“Get your hands off of me,” I said again through clenched teeth, carefully enunciating each word.
I was pinned against the wall in a narrow, dirty passageway near the kitchens in Scutari. I had been returning missed dishes from dinner on the ward, items the orderlies had not collected when they had come through.
The orderly was obese, his belly pressing into mine. “Aw, you don’t mean that, do you?” He leaned in closer, attempting to kiss me. His hands tried to lift my skirts. I ducked away and broke free, but he stood in my way. He had that stale, sour smell of fermentation about him, the smell that indicated he was not able or not motivated to clean adequately between the skin folds.
“I most certainly do mean it, Mr. Blige, I can assure you.” I glowered at him, hoping the display of anger would hold back the tears. Do not show weakness. “Now, let me pass or I shall scream loud enough to bring Ms. Nightingale herself running straight over.”
He did not appear to take me seriously. As he laughed, his belly shook. I shoved past him.
“What is wrong? I am not good enough for you? Where is your good doctor, anyway?” he called out after me. Go to hell, you bastard.
I made haste to the dormitory. Madge was already asleep. That was just as well. We never spoke anymore. I spent my days fighting off men and enduring spiteful glares and gossip from the women. The only relief I had was sleep.
Meanwhile on the wards patients were dying, dozens at a time. Not from their wounds. Instead it was a cholera outbreak. The halls were overrun with vomit and diarrhea, the stench was overpowering. The orderlies stopped feeding or cleaning the ones they felt would soon die, leaving them to lie in filthy pools of their own excrement. Wounded soldiers made a 13 day journey aboard tightly cramped ships from the battlefields to the hospital at Scutari. Cholera was starting there and spreading throughout the remainder of the hospital and staff was not immune. The death rate from cholera here was sixty percent. New faces quickly succumbed. Beds were crowded 1-2 feet apart, as there was simply not enough space to house all of the ill. In the morning I would have to find the bodies that had grown stiff in the night and have them removed.
I lay in the bed. Fatigue overwhelmed me but my thoughts could not leave me in peace.
Dr. Jenkins was gone but no one understood what that meant. Only I knew that a man like that does not change. He would have continued to make his conquests, his desires never sated. Now, while the desires may be there, the scar tissues would prevent him from acting on them. Arousal would be too painful. I did not know why he had left or where he had gone, nor did I care. I had no remorse for assisting him afterward. But I was not sure how much longer I could endure this. Fantasies about packing up and moving on began to arise.
Sleep found me.
The following day, I took the few minutes of my noon meal to instead walk along the wharf for some air. I did not get to come often, but the brisk sea breeze and the cries of the gulls helped to clear my mind.
As I was made my way along the sea wall, a dark skinned woman approached. She had stepped off a ship that was moored there, the Hollander. It had arrived earlier this morning with supplies. Deck hands were busy unloading pallets and barrels, their shouts punctuating my steps. I stopped and waited for her as she looked as if she were lost.
“Excuse me. I am looking for a hospital…Scutari. Is this it?” She gestured to the white stone building on the hilltop over my shoulder.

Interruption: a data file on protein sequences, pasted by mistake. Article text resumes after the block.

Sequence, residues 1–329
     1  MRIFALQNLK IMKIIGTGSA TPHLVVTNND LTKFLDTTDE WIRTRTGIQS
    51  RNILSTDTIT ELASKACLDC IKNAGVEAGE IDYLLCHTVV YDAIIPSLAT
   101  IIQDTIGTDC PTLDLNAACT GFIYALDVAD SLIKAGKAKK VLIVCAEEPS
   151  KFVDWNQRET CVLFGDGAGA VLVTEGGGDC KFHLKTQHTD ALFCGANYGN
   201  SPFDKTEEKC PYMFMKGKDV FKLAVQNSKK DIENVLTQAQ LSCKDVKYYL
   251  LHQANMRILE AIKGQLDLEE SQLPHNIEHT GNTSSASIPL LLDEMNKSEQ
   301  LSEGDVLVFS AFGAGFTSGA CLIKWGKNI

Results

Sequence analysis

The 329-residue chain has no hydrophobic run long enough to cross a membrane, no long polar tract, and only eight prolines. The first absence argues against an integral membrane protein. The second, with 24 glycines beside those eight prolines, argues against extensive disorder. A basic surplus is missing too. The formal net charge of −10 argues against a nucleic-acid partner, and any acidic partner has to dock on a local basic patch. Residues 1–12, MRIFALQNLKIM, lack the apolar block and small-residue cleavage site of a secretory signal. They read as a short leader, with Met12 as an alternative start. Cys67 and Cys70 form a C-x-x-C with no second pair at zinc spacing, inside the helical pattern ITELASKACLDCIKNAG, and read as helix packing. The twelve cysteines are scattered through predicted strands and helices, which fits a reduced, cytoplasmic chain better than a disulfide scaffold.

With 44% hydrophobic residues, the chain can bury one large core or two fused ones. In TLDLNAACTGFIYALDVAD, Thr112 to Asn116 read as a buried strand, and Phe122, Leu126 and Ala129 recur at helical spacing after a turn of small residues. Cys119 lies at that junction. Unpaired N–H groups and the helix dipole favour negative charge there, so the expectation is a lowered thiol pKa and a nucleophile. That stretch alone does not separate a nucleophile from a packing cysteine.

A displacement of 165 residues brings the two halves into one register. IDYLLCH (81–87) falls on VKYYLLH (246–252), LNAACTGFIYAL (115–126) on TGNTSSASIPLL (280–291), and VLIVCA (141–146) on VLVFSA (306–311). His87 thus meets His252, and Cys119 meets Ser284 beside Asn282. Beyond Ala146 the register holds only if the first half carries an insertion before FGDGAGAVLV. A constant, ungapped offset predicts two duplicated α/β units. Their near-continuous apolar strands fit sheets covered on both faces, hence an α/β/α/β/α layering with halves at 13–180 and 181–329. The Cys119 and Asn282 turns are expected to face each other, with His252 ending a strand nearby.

I stared at her. She must have been about fifty. Her accent was strange. Jamaican. But not. I could not see much of her dark, wavy hair because of the expensive stiff, dark brown bonnet tied beneath her chin. She was pleasantly round and had a reassuring, comforting countenance. Her dress was a brown silk made for traveling but exquisitely detailed, nonetheless. She liked nice things.
“Thank you.” She placed a hand on my shoulder and squeezed as she moved past.
I watched her go, starting the ascent by following the road the casualties followed from their ships to their doom.
“Wait!” I called. “I will go with you.”
We all wore the same uniform at Scutari, the nurses. A frightful gray tweed dress called a wrapper with a matching jacket, a dark gray short wool cloak, and a plain white cap with a sash that had the word Scutari embroidered in red that was worn like a banner across the chest. While ugly, it showed we were were not part of the group of rowdy prostitutes that resided in the encampment below when we ventured out. I had been promoted to nurse recently, as I had shown aptitude on the wards and was willing to work hard.
I hiked up my skirts a bit so I would not trip, but not enough to be scandalous, and ran to catch up. Breathless, I asked “What is your name?” as I stretched out my hand.
She took it, “Mary. Mary Seacole.” I provided my name and we walked side by side in silence until we reached the hospital itself.
“I must speak with Ms. Nightingale. I have a letter of introduction to her from a Dr. Jenkins whom I met in Malta.”
Malta. So he did not kill himself? Damn. I had held out hope that even though I could not actually kill him, that he or God would do that for me.
I had assumed that she desired to join the staff here, but as I walked her to the tower, to Ms. Nightingales’ office, she told me of her intentions to open a British Hotel at Balaclava. It would provide food and lodging to sick and convalescing officers.
Balaclava was across the Black Sea, closer to the fighting. Away from here. My heart pounded and my palms sweated. Did I dare?
But I said nothing. Instead, I showed her the stairwell and pointed her toward the offices. Then I returned to my duties among the sick and dying.